Optimism about COVID-19 promising vaccine updates has not faded away yet amid growing expectations of more government stimulus soon for coronavirus-hit economies.
Enthusiasm about progress on the development of COVID-19 vaccines remain key drivers in markets. Britain is preparing to roll out the Pfizer/BioNTech vaccine this week.
The major economies are showing better numbers in the third quarter, but Covid-19 is still hampering economic growth. Promising vaccine updates from major drugmakers have raised investor hopes for an economic recovery next year.
Talks aimed at delivering fresh coronavirus relief gathered momentum in the U.S. Congress on Friday. Further, the Federal Reserve will probably make more adjustments to its quantitative easing later this month.
Weak U.S. jobs data heightened expectations of economic aid. Non-farm payrolls increased by 245,000 last month, the smallest gain since May. This was a sign the jobs recovery was slowing.
Post-Brexit trade talks hung in the balance. British and EU negotiators have at best 48 hours left to avoid a disorderly parting of ways at the end of this month. Last-ditch talks between Britain and the European Union resumed in Brussels to strike a trade deal. Investors re-evaluated the risk of a no-deal Brexit. Fears grew rose of a chaotic no-trade deal Brexit on Dec. 31 when the United Kingdom finally leaves the EU. The EU’s chief Brexit negotiator, Michel Barnier, is “rather downbeat” about the chance of a deal. EU diplomats said the ball was now in Johnson’s court. Traders and analysts still believe that a Brexit deal is more likely than not.
Fresh Sino-U.S. tensions over Hong Kong dented sentiment and sapped some appetite for risky assets. Washington was preparing to impose sanctions on some Chinese officials over their alleged role in Beijing’s disqualification of elected opposition legislators in Hong Kong.START TRADING
Vaccine optimism still a key driver – GDP and Central Banks announcements eyed
Analysts are now looking to the EU leaders summit on Dec. 10-11 as a possible deadline for a final Brexit deal. Investors also await concrete signs of progress on a coronavirus relief bill.
This week, we’ll get a look at GDP reports in Japan and the UK, as well as central bank announcements from the ECB and Bank of England.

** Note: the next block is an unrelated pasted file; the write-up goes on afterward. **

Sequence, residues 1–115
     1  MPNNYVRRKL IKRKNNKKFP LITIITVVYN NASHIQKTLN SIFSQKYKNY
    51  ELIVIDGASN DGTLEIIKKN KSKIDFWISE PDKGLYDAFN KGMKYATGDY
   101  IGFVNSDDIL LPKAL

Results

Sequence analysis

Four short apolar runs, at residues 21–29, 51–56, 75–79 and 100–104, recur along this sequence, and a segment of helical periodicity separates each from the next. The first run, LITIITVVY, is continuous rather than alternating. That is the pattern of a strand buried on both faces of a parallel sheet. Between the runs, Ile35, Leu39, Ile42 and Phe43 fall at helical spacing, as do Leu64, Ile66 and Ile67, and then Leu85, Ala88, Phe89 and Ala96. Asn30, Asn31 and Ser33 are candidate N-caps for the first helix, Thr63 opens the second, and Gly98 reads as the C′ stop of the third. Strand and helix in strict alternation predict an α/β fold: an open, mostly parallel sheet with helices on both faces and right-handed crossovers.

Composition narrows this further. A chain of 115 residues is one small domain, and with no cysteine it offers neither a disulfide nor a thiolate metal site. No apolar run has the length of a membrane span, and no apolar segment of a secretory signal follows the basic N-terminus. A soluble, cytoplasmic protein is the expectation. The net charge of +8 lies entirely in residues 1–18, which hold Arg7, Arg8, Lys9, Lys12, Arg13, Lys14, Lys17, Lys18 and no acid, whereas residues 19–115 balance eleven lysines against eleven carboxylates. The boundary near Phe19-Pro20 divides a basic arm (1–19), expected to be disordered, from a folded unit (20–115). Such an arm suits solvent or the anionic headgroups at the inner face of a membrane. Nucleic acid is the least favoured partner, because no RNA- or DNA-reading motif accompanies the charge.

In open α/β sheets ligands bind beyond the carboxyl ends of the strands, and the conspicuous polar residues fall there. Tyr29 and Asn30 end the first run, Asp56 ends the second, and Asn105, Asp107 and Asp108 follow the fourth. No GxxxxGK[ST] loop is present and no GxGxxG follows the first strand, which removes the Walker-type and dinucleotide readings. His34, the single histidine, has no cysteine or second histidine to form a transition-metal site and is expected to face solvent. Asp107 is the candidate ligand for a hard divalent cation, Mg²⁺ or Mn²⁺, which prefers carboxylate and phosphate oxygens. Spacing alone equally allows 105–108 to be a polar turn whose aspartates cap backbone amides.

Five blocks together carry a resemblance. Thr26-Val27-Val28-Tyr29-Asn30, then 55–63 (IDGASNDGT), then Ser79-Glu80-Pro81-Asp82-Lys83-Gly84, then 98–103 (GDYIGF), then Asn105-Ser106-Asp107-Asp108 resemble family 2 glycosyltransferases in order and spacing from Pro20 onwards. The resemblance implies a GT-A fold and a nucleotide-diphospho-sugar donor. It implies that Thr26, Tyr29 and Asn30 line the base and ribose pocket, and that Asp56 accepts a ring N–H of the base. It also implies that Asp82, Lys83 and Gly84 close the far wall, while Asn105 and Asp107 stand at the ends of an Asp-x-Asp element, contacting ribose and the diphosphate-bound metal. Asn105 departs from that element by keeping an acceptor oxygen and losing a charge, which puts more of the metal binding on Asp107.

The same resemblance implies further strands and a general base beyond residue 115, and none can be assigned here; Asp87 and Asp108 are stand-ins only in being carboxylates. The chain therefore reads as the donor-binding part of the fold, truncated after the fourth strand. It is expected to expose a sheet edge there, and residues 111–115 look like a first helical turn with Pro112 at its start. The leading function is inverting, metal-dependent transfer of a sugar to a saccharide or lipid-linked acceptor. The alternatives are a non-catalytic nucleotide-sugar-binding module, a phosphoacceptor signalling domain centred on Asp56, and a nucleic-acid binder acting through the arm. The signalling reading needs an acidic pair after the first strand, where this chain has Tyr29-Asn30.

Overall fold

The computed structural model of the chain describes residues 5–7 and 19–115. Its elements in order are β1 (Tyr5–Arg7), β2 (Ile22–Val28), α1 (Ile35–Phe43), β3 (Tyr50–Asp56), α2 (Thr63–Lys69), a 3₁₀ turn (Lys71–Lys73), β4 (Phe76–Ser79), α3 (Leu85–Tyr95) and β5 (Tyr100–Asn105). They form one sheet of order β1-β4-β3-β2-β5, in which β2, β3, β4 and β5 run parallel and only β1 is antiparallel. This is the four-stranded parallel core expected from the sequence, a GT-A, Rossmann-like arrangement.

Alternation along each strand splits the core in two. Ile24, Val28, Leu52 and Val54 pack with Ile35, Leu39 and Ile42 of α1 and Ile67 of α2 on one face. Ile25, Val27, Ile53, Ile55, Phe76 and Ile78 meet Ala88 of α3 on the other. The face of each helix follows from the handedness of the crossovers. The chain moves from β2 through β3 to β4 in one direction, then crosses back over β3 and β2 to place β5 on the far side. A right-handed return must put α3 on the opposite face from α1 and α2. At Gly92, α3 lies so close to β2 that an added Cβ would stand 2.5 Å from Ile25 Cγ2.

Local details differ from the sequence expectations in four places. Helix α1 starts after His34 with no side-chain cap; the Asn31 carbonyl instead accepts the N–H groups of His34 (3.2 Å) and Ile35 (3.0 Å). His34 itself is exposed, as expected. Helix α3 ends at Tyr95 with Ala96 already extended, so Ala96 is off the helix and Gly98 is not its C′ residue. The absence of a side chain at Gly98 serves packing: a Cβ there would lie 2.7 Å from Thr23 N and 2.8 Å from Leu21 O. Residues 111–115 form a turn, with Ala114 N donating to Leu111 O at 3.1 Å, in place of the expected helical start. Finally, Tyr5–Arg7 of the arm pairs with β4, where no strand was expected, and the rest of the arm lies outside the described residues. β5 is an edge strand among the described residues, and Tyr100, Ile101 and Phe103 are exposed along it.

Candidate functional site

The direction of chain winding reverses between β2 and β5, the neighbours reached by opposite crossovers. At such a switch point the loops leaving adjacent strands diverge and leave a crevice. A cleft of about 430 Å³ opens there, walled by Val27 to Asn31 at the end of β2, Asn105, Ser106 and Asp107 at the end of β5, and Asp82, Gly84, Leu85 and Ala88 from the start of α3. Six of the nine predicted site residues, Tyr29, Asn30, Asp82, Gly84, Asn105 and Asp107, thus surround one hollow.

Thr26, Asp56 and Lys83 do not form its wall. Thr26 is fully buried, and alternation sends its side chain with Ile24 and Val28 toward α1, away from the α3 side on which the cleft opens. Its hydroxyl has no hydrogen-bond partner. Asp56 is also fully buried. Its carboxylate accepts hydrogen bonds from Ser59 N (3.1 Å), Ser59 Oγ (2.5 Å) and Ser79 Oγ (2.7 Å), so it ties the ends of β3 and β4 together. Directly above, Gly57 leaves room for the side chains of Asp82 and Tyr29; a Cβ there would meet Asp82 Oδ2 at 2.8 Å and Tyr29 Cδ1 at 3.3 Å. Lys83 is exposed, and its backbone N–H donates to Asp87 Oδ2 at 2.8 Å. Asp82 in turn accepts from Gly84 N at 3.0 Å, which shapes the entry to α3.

- On Monday (07.12), investors are awaiting Japan GDP. The economy is expected to bounce back in Q3, with an estimate of 5%.
- On Wednesday (09.12) investors will focus on the BoC Rate Decision. A positive tone from the rate statement could bolster the Canadian dollar.
- On Thursday (10.12) investors will eye ECB Rate Decision, the UK GDP and the US CPI. The ECB holds its policy meeting later this week. The European central bank will probably add further easing. Analysts expect an increase in the Pandemic Emergency Purchase Program by 400-600 billion euros.
Follow this week’s economic calendar.
LQDFXperts – Optimism about COVID-19 vaccines keep investors upbeat
Upbeat announcements on COVID-19 vaccines have helped drive a rally in riskier currencies at the expense of the safe-haven dollar. The euro had their best week in a month against the dollar.
EUR/USD enjoyed a strong week. Over the past week, the U.S. dollar sell-off has extended further. Greenback’s weakness was most evident against the Swiss franc, euro, and Canadian dollar. On the week, the dollar index was down 1.3%, its largest weekly loss since early November. The euro has been one of the biggest winners from recent dollar weakness, breaking decisively above $1.20 this week.
GBP/USD rose close to 1% and broke above the 1.35 level. The pound had a great week, but this was more a result of weakness in the US dollar rather than strength in the pound. Sterling is see-sawing on comments on the likelihood of a deal before a transition period ends on Dec. 31.
USD/JPY showed little movement for a second straight week, as the pair closed the week slightly above the 104 level. The dollar has been in retreat mode against many of the major currencies but hasn’t lost much against the yen.
AUD/USD rose for a fourth successive week and pushed above the 0.74 level. The US dollar shows no sign of a rebound, although profit-taking remains a possibility. Investor sentiment to cyclical currencies like the Aussie remains positive.
The Canadian dollar enjoyed its strongest week since May, as USD/CAD dropped 1.5%. Canadian GDP slowed to 0.8% in September, as the economic recovery may have run out of steam. The US dollar remains on the defensive. A weak NFP report on Friday could weigh on investor sentiment towards the currency.
PLEASE NOTE The information above is not investment advice.
Sources: Reuters, CNBC, BBC, The Guardian